To close out this week we have an insightful blog post by Matthew Crist, Principal at Cantina. Matt looks into the need to integrate the real world concerns into the process of product design. Interested in guest blogging? E-mail Taylor [at] mitx [dot] org.
Matthew Crist (@matthewcrist) is a Principal at Cantina with a passion for crafting great experiences through an iterative creative process. In his career, Matthew has worked with companies like Macy's, McLaren, Rue La La, Fidelity and MTV. Recently, he has focused on working with startups to think about, and implement useful experiences on a budget.
The profession of user experience is often defined in a digital way. With the rise of mobile devices and fast cellular data speeds, it's time to expand the role of the traditional user experience professional.
Mobile is changing the way that we need to think about experience design. The experiences that we're designing today are no longer just digital. We must think about the user from a holistic approach that marries their physical context with the digital touch points that a company deploys.
Customers are show rooming (viewing a product in a store, but purchasing online) at an increasing rate. Rather than create experiences that discourage the show rooming behavior, retailers should think about ways to embrace and enrich these use cases.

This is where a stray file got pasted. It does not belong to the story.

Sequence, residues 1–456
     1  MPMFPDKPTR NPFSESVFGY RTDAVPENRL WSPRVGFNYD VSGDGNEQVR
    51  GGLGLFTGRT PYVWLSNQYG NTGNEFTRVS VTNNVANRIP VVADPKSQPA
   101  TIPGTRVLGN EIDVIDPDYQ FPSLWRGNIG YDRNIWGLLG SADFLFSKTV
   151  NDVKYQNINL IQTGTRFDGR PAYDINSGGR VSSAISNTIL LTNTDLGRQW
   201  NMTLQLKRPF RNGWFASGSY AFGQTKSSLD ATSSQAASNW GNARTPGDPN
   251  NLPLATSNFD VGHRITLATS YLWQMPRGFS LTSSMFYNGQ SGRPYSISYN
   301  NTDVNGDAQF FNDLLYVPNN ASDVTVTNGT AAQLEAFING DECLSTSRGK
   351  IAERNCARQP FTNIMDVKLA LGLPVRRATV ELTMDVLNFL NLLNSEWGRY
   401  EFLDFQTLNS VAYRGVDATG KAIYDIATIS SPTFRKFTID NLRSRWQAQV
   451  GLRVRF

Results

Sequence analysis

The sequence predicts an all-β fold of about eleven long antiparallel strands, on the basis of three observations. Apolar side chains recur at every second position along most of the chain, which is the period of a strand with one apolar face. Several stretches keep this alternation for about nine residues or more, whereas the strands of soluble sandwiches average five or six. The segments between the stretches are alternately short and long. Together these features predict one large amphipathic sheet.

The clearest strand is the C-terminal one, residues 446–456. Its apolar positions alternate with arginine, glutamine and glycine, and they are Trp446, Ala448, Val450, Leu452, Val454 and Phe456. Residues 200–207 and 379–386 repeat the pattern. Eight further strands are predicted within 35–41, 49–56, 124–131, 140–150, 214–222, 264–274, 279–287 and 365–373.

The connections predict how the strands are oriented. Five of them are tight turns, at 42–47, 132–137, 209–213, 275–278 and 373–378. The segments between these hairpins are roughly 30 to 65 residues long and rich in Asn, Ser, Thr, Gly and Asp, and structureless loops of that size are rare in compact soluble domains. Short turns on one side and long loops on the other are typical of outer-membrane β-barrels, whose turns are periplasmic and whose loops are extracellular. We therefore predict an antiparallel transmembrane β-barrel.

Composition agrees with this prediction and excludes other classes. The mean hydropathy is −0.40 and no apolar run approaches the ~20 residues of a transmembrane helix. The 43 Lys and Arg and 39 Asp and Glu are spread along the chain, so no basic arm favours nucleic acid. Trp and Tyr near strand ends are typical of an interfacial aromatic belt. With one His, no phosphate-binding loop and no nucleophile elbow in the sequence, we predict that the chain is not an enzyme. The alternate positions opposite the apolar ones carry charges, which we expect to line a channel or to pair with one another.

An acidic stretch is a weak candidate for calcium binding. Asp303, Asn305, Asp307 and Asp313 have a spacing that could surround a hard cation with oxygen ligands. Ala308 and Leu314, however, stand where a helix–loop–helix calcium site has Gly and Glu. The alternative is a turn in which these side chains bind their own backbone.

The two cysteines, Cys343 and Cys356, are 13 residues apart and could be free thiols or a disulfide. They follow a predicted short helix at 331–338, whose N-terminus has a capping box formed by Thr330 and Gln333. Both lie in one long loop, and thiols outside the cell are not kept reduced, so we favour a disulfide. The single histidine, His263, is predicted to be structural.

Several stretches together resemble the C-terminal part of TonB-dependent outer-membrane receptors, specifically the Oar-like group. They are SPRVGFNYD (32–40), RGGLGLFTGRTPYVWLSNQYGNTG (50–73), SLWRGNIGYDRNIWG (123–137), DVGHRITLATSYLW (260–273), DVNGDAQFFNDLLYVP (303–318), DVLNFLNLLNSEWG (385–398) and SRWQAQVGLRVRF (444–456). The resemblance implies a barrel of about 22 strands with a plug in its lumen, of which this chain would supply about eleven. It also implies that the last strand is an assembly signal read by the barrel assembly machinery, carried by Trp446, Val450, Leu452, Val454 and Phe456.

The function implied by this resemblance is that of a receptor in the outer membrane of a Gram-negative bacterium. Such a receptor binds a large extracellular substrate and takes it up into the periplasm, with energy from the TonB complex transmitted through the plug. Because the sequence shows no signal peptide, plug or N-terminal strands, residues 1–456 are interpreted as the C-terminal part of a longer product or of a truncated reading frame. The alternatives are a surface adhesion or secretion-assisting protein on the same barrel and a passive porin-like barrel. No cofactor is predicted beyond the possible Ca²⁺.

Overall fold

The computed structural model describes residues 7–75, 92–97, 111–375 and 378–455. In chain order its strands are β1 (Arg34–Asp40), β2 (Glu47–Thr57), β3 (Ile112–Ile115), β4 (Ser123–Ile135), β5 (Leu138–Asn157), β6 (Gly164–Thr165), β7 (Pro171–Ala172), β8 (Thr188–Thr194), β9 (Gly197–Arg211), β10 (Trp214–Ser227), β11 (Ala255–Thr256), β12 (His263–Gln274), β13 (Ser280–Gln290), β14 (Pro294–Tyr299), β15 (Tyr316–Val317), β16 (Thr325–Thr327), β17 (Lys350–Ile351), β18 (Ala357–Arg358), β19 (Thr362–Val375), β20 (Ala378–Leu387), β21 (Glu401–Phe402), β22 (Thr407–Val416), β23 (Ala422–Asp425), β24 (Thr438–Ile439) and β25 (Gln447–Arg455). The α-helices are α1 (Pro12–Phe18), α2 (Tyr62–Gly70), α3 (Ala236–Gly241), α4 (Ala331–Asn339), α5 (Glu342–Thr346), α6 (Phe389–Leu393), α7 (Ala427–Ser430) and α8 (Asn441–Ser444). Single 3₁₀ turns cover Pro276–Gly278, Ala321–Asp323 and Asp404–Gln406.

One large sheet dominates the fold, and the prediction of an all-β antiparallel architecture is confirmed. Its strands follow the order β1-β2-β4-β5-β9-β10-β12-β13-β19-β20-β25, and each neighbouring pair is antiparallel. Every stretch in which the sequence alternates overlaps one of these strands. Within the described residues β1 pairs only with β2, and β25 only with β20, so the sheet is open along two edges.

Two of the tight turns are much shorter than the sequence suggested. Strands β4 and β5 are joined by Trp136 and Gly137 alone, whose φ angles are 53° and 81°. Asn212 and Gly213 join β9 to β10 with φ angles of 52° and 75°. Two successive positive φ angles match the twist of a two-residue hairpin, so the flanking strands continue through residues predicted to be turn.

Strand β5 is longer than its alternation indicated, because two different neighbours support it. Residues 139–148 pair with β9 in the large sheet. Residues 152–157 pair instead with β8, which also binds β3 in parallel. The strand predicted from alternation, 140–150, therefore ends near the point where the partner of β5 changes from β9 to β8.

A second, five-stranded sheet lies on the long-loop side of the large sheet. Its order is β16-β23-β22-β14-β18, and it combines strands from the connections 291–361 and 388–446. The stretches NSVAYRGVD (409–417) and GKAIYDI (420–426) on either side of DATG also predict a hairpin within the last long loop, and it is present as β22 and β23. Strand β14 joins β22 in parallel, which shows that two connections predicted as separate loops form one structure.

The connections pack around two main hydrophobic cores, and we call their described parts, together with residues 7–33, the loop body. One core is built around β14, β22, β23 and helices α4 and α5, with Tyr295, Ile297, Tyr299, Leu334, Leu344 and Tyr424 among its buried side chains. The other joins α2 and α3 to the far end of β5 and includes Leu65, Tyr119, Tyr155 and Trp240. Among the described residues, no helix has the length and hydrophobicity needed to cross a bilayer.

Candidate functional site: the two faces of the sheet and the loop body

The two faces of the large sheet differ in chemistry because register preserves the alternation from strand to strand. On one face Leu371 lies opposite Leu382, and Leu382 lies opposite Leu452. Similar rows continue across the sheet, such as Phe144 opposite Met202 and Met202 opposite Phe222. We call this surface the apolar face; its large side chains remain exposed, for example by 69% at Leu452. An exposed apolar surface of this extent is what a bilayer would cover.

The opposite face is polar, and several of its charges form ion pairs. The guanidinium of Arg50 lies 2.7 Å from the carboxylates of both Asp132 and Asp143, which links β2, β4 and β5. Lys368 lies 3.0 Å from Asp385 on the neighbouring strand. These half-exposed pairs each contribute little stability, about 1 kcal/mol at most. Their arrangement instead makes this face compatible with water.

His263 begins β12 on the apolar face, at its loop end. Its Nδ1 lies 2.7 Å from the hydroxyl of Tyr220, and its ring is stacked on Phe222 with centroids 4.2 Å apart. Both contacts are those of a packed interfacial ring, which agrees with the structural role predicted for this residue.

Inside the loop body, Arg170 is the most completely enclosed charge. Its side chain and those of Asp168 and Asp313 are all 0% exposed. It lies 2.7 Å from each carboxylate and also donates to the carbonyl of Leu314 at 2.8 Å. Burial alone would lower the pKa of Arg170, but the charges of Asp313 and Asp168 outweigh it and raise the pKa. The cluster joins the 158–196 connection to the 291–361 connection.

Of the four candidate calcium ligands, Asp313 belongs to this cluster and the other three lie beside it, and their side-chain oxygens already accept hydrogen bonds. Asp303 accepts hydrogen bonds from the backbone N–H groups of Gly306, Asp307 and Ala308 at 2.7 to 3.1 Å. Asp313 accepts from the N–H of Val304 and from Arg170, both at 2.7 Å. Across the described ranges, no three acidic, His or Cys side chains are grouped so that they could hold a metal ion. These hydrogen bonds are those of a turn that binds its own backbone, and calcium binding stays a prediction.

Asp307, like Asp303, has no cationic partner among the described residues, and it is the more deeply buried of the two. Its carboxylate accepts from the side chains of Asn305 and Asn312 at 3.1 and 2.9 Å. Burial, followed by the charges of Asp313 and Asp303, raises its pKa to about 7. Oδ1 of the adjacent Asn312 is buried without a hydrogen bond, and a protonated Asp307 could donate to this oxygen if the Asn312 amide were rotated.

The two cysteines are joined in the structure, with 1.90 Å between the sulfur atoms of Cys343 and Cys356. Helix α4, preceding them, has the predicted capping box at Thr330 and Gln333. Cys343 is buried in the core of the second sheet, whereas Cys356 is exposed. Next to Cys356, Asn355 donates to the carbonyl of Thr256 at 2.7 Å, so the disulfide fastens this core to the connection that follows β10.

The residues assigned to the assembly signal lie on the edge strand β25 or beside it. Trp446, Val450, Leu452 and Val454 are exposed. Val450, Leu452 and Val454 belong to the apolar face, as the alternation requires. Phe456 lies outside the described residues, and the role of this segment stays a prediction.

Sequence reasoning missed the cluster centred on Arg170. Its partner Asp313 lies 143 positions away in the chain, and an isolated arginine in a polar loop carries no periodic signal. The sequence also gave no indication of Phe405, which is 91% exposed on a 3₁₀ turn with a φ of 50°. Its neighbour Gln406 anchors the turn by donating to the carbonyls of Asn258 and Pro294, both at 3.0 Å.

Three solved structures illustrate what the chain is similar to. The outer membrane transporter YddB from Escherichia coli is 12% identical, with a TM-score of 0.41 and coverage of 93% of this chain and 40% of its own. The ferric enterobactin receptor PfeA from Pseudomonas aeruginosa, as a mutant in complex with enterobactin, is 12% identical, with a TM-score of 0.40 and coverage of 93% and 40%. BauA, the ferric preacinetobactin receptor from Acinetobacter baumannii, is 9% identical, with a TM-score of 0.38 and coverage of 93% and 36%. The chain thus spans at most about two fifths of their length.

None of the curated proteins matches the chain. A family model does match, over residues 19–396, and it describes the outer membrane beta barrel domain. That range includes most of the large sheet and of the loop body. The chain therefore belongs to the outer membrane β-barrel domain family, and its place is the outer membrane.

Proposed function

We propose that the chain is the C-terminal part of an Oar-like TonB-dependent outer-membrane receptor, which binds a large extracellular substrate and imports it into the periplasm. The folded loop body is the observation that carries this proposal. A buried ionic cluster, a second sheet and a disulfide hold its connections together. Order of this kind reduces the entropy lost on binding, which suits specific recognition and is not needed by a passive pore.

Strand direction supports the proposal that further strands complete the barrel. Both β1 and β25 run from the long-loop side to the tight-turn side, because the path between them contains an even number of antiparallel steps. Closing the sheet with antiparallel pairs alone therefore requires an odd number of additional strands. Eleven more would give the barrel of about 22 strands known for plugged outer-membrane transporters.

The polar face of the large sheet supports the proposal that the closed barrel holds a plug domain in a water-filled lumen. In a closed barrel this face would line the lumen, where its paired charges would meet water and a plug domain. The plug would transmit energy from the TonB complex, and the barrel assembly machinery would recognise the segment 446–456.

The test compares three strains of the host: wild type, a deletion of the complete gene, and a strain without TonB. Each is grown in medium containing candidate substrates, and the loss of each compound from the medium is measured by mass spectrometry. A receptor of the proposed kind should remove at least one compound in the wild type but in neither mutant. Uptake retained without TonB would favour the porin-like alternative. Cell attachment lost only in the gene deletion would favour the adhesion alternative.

The design of rich, connected experiences might entice users into a purchase that may have normally been lost due to show rooming. As experience designers, we are responsible for thinking about and solving these problems.
In order to get better at our jobs as designers, we must start thinking about our users holistically. We need to think about the technologies and systems that can we can employ to help mitigate any areas of potential concern.
The internet is a dynamic medium that can designers can utilize to solve an infinite number of problems. Designers should remember that our users will engage with the products we create on their terms. We should be creating experiences that are device agnostic so that we can achieve maximum exposure.
Most design processes spend a lot of time focused on the interactions that occur on a screen, but are lacking the real world concerns of users. Taking educated guesses at the typical contexts that users will engage with a product should become a standard step in the process of product design.
Experiencing the design in a real world situation can be tough, and this is one reason why design can benefit directly from actually using the products that you are creating while creating them. Designers should make sure that one of the steps in their process involves getting out into the real world for real testing.
By thinking about experience design as a holistic process, we can better understand the problems that will arise during product usage. This holistic design experience will require anyone working on a product to rethink the normal design and development processes. The end result will be happier users and better products.